Alexander Hamilton & Aaron burr were enemies politically and personally. In 1791, Burr took a Senate seat from Philip Schuyler, Hamilton’s powerful father-in-law. Schuyler was a powerful ally for him as secretary of the Treasury. Burr ran for the governor of New York in 1804 as an independent. Hamilton helped to convince New York Federalists not to support Burr. The Burr campaign failed, and he was defeated soundly.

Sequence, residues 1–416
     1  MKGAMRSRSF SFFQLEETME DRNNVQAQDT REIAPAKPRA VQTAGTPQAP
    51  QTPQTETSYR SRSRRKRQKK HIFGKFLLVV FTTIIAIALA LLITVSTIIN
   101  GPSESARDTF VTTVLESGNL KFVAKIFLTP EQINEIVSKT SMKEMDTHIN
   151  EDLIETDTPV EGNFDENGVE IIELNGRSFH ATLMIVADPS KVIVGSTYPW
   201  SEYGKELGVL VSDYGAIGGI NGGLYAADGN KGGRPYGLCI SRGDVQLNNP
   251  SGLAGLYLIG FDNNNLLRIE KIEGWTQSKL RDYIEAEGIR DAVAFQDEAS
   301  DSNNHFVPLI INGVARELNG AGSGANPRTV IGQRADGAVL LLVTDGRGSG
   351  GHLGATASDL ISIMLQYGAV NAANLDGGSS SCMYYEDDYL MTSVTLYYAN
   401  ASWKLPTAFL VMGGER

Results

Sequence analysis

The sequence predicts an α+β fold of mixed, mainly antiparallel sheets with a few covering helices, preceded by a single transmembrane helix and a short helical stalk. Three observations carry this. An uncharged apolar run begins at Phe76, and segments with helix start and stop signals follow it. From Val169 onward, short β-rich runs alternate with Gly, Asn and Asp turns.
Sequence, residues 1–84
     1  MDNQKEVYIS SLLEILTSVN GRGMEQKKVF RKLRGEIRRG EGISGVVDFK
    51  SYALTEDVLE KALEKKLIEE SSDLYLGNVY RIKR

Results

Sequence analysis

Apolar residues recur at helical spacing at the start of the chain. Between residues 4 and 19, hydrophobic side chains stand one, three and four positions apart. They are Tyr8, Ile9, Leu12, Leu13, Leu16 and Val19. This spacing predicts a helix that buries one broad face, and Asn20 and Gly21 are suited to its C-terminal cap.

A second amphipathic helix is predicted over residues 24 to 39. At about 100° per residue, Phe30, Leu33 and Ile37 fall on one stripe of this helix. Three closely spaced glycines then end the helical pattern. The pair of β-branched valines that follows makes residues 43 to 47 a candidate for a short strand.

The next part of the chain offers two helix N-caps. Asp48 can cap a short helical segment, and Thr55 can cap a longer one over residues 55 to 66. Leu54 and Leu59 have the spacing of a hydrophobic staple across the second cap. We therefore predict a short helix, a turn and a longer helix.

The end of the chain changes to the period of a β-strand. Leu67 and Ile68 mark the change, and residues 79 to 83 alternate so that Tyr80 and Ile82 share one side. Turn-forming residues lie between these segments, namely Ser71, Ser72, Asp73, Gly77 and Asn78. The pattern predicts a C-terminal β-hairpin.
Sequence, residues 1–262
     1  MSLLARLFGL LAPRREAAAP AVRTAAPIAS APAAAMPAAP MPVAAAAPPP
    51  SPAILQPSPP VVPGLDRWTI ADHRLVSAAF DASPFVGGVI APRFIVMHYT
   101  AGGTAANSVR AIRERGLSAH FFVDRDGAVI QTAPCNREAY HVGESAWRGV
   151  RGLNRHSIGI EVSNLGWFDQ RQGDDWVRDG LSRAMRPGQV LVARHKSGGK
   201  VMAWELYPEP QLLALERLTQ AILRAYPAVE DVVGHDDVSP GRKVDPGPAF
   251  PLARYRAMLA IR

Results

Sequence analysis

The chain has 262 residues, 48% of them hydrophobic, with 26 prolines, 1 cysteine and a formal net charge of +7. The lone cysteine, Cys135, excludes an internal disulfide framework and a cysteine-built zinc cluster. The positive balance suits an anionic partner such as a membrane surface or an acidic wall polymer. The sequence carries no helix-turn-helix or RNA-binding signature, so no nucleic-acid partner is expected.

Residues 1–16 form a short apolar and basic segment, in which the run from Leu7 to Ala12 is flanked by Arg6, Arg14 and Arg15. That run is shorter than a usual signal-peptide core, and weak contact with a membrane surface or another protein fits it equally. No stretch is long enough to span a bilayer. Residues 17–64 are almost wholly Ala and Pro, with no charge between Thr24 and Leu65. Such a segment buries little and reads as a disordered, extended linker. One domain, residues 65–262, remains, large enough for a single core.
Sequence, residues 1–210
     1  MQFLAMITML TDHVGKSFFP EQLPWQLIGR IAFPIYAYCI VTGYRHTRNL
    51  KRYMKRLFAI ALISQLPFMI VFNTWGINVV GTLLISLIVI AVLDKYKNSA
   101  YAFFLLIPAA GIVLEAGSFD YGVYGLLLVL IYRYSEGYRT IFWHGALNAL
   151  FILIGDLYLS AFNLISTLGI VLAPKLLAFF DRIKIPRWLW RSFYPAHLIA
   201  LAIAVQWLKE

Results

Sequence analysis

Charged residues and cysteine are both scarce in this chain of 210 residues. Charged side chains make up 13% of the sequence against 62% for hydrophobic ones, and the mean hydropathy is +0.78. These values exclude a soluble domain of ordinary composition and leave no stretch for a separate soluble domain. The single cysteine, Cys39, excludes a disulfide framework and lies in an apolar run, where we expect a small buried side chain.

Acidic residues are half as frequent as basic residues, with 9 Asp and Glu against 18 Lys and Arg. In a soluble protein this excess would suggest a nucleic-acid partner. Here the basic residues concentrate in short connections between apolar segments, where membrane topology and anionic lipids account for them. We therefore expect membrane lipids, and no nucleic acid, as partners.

In 1804, Burr challenged Hamilton to a duel. After aids tried to settle their differently amicably, the two met on the dueling grounds at Weehawken, New Jersey on the morning of July 11. Each fired once. Burr struck Hamilton who died the next day. Hamilton’s shot missed. Burr was indicted for murder in New York State, but never prosecuted. After completing his duties as Vice President in 1805, Burr entered into a conspiracy to wrest the lands west of the Mississippi River from Spain; these intrigues included the Louisiana Purchase. The rock where Hamilton laid his head was preserved. Eventually it was moved to become part of a monument atop the cliffs of Weehawken. The duel took place below the cliffs.